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A Guide to Music Exams.

by Daniel Moult, ABRSM examiner, recitalist and teacher.

Music exams! These two words can strike fear in to an otherwise brave soul! A music exam, however, can be a useful and enjoyable experience for every single candidate. How can you ensure a happy outcome for you or your child, and what do you need to know about this often misunderstood topic?

WHY SIT A MUSIC EXAM?

  • They can provide a useful focus for the candidate, spurring them on to better or more consistent playing.
  • The glow of exam success can last long after the exam, and inspire them to practice more diligently. The sense of achievement in passing, whether by a small or a very large margin, is richly deserved!
  • They give invaluable and independent musical feedback. Although a good teacher will be aware of a student’s strengths and weaknesses, getting an objective view is still useful in planning for the future.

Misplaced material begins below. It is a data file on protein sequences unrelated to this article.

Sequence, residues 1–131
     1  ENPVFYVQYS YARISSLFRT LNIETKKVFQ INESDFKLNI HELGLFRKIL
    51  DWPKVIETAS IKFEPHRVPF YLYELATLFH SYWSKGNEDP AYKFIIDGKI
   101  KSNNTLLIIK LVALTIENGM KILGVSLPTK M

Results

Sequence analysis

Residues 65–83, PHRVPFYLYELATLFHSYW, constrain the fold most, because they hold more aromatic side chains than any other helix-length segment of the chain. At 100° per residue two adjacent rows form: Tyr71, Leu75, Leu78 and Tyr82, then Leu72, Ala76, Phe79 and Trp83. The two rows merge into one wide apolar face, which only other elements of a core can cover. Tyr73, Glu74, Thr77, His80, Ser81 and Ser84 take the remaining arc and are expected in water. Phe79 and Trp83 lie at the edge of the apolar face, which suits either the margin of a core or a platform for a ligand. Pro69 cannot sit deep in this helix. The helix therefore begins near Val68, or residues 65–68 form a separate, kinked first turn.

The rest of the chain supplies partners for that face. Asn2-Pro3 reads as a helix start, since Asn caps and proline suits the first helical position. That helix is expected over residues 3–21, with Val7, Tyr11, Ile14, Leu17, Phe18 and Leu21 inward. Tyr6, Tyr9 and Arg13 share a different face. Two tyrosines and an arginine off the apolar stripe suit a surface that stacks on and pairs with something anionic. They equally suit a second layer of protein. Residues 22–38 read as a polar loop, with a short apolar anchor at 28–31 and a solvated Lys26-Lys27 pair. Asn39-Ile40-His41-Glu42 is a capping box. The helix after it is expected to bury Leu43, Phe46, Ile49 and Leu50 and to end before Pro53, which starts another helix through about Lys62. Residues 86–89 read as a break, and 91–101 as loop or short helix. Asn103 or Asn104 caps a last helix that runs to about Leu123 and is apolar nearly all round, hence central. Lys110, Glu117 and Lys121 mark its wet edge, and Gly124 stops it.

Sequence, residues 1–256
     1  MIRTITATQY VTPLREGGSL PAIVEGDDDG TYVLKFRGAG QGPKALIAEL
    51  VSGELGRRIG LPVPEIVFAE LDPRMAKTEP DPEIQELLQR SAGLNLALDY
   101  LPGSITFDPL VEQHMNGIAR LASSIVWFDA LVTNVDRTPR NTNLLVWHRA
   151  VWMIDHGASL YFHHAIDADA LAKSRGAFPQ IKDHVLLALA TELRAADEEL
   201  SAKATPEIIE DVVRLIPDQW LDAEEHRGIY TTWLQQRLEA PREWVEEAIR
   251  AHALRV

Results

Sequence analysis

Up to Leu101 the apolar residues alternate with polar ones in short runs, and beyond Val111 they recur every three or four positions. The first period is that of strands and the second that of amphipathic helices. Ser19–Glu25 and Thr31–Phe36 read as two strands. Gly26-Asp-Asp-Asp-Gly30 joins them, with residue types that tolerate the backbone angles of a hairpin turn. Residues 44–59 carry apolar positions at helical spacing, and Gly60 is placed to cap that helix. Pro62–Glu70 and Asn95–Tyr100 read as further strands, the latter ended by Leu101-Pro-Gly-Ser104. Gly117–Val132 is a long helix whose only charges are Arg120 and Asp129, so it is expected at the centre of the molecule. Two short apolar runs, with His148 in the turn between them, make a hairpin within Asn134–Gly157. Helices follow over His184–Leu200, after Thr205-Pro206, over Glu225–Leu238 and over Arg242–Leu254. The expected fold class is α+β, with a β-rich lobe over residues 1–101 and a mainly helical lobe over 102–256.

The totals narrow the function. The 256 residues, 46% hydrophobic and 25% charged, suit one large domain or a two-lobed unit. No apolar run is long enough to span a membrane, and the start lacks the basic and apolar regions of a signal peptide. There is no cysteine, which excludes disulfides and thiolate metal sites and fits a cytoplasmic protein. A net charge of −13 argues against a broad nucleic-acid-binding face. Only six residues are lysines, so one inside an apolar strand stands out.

• They provide a safe environment in which to deal with “nerves”. If any musician has the potential to develop further, some sort of public performance is probably inevitable. Relatively early exposure to music exams can, if they’re properly prepared, help candidates to overcome these natural anxieties.

 
WHICH GRADE?

  • The major exam boards have grades from 1 (lowest) to 8 (highest). Grades 1 – 5 are often referred to as the “lower grades”, and Grades 6 – 8 as the “higher grades”. After Grade 8, there are various performance diplomas available.
  • Some boards have a test for pre-Grade 1 candidates. This gives relative beginners (especially younger children) a flavour of a music exam. In the case of the ABRSM Preparatory Test, there is not the extra pressure of attaining a pass mark. The Trinity Initial exam is graded.
  •  Although Grade 1 is the easiest exam (Preparatory Test or Initial exam aside), it still requires three fluent pieces (in most cases) and a range of supporting skills from scales and sight reading to aural tests. It is perhaps misleading to call it a “beginners’ exam”, as many musicians need more than a year’s tuition before they are ready for it.